More than a century ago, a bluish butterfly fluttered among the sand dunes of San Francisco’s Sunset District, laying its eggs on a plant known as deer weed. When the development of the city overtook the dunes and the deer weed, the butterflies disappeared too. The last Xerces blue butterfly was collected from Lobos Creek in 1941 by an entomologist who would later regret killing one of the last living members of the species.
But was this butterfly really a unique species?
Scientists all agreed that the grim fate of the Xerces blue — the first butterfly known to be extinct in North America due to human activities — was a biodiversity loss. But they were divided on whether Xerces was its own separate species, a subspecies of the widespread silver-blue butterfly Glaucopsyche lygdamus, or even just an isolated population of silver-blue butterflies.
This may seem like a scientific complaint, but if Xerces blue wasn’t, in fact, a genetically distinct lineage, it wouldn’t technically be actually extinct.
Now, researchers have sequenced a nearly complete mitochondrial genome from a 93-year-old museum specimen, suggesting that the Xerces blue was a separate species, which they say could be properly named Glaucopsyche xerces, according to an article published Wednesday. has been published in Biology Letters. .
“It shows how crucial it is to not only collect specimens, but to protect them,” said Corrie Moreau, the director and curator of Cornell University’s insect collection and an author on the paper. “We can’t imagine how they will be used in 100 years.”
Durrell Kapan, a senior research fellow at the California Academy of Sciences who was not involved in the study, said he found the new findings “suggestive and very exciting,” but added that there could be limits to this type of research because “what makes two organisms different species is not always directly addressable with genetic information.”
dr. Kapan is working on a separate genomic project on Xerce’s blue butterflies and close relatives with Revive & Restore, a non-profit initiative to restore extinct and endangered species through genetic engineering and biotechnology.
The researchers started the project several years ago when Dr. Moreau at the Field Museum in Chicago. She and Felix Grewe, now the director of the phylogenomics initiative at the Grainger Bioinformatics Center at the museum, searched the museum archives of Xerce’s blue butterflies to find the least damaged specimen, which theoretically would produce the best-preserved DNA.
“You grind up a piece of an extinct butterfly,” said Dr. Moreau. “You only get one chance.”
dr. Moreau removed a third of the butterfly’s abdomen, a body part full of muscle, fat and other tissues, and sequenced it. DNA this old degrades into short fragments. Historically, researchers would sequence long, uninterrupted stretches of DNA by chopping it up and puzzling it back together. But with new sequencing technology, researchers can work with already chopped, fragmented DNA. “We’re just leaving that step out,” said Dr. Grewe.
After recovering their sequences, the researchers examined publicly available data from other related butterfly specimens.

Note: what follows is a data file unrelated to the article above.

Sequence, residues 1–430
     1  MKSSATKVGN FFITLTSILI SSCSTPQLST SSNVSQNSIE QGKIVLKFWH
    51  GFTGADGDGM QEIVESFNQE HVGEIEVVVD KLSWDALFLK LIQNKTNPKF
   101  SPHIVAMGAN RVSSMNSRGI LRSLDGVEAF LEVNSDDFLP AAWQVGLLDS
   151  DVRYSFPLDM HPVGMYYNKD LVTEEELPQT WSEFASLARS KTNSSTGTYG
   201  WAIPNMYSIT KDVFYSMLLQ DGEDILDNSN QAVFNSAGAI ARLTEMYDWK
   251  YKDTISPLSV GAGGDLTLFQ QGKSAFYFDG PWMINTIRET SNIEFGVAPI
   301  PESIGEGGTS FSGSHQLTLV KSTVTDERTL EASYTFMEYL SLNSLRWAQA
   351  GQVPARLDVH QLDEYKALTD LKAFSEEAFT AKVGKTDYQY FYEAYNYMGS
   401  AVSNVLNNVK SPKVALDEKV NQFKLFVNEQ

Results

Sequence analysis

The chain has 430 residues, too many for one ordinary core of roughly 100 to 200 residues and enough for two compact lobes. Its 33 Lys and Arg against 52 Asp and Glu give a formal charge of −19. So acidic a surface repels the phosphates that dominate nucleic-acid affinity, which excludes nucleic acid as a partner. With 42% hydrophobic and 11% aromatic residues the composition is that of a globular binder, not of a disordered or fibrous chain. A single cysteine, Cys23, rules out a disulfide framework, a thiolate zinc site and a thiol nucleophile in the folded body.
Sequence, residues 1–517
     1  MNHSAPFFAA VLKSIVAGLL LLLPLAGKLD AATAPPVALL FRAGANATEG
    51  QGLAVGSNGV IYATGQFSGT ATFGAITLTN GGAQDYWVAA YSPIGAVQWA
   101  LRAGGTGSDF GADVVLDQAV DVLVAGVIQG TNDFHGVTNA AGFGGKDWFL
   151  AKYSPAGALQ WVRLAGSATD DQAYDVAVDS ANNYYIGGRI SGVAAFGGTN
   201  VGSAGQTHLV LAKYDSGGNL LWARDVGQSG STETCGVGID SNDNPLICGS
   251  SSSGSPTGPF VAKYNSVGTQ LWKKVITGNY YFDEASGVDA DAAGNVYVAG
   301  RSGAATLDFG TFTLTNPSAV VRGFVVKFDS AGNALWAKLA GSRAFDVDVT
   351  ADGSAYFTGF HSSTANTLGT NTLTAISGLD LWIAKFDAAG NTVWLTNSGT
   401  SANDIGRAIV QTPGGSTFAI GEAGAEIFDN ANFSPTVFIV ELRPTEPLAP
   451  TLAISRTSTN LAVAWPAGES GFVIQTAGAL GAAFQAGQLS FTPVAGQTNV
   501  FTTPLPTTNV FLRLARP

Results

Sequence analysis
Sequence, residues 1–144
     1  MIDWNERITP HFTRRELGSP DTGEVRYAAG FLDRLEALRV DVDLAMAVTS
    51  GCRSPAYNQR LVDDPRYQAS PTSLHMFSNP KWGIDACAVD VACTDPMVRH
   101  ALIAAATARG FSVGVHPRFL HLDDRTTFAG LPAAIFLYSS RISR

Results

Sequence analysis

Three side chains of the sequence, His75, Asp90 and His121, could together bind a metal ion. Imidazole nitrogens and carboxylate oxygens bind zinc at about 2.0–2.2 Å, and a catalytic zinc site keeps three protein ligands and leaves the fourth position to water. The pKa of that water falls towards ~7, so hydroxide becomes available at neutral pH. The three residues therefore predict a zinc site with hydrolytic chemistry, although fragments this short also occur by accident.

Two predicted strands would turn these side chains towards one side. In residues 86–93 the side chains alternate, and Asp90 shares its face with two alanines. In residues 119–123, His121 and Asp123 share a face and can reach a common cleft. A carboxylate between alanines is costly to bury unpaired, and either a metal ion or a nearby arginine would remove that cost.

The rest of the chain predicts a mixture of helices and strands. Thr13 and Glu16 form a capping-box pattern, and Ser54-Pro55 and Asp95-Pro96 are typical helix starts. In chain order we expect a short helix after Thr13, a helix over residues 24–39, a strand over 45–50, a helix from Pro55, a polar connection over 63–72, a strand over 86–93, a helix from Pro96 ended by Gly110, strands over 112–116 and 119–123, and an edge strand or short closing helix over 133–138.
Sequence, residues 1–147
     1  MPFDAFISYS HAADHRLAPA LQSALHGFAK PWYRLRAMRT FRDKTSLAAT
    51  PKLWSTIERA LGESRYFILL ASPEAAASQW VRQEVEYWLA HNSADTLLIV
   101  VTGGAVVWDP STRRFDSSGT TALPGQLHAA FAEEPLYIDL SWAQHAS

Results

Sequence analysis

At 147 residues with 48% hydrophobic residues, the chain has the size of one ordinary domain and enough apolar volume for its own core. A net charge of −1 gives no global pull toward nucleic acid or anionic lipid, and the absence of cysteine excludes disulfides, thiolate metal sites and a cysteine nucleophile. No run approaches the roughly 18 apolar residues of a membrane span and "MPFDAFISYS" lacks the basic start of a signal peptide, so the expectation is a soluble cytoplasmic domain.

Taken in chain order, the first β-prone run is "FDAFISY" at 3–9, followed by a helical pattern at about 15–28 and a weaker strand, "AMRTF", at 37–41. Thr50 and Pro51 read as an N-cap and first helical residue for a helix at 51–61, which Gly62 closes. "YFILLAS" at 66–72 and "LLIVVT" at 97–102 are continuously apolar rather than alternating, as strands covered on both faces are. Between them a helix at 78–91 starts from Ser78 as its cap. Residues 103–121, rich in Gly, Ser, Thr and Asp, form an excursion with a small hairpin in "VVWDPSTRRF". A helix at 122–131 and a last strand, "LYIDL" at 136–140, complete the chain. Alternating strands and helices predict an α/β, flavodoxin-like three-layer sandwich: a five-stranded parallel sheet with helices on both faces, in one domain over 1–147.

Their mitochondrial DNA sequences did not resemble each other. They suggested that the Xerces blue was a separate species and that two other butterflies traditionally believed to be subspecies of the silvery blue butterfly – the australis and pseudoxerces clades – may also be different species, and are the closest living relatives of the Xerces – blue.
These results are surprising, as these two butterflies are found in Southern California, far from the Xerces Blue’s original home on the San Francisco Peninsula.
The new paper’s sequencing focused on the mitochondrial gene that codes for the CO1 streak. Mitochondrial DNA is an excellent option for older museum specimens because a single cell contains many more copies of the mitochondrial genome than the nuclear genome, the researchers said. Mitochondrial DNA is inherited from the mother while nuclear DNA is inherited from both parents.
But the CO1 gene represents a “very small sample of the genome,” said Dr. Kapan, adding that he didn’t think the new article finally settled the species debate.
At the California Academy of Sciences, Athena Lam, a genomics researcher, Dr. Kapan and others, clarify where Xerces falls on the evolutionary scale, said Dr. Lamb.
These kinds of genomic studies, said Dr. Kapan, could reveal where to find populations of surviving species in the genus Glaucopsyche that could be well suited for possible reintroduction into the San Francisco sand dunes. According to the new paper, australis or pseudoxerces would be good candidates to investigate, the latter of which has wings reminiscent of Xerces’ brilliant blue hue.
dr. Moreau said she hoped the new study would shed light on blue butterflies that are currently threatened, such as the El Segundo blue, which lives in coastal sand dunes in Southern California, and the Karner blue, which is the most common. occurs in Wisconsin, where wild lupines grow.
And while the Xerces blue is long gone, the deer weed it once needed has recently been replanted in the sand dunes at the Presidio, in anticipation of a somewhat familiar future butterfly.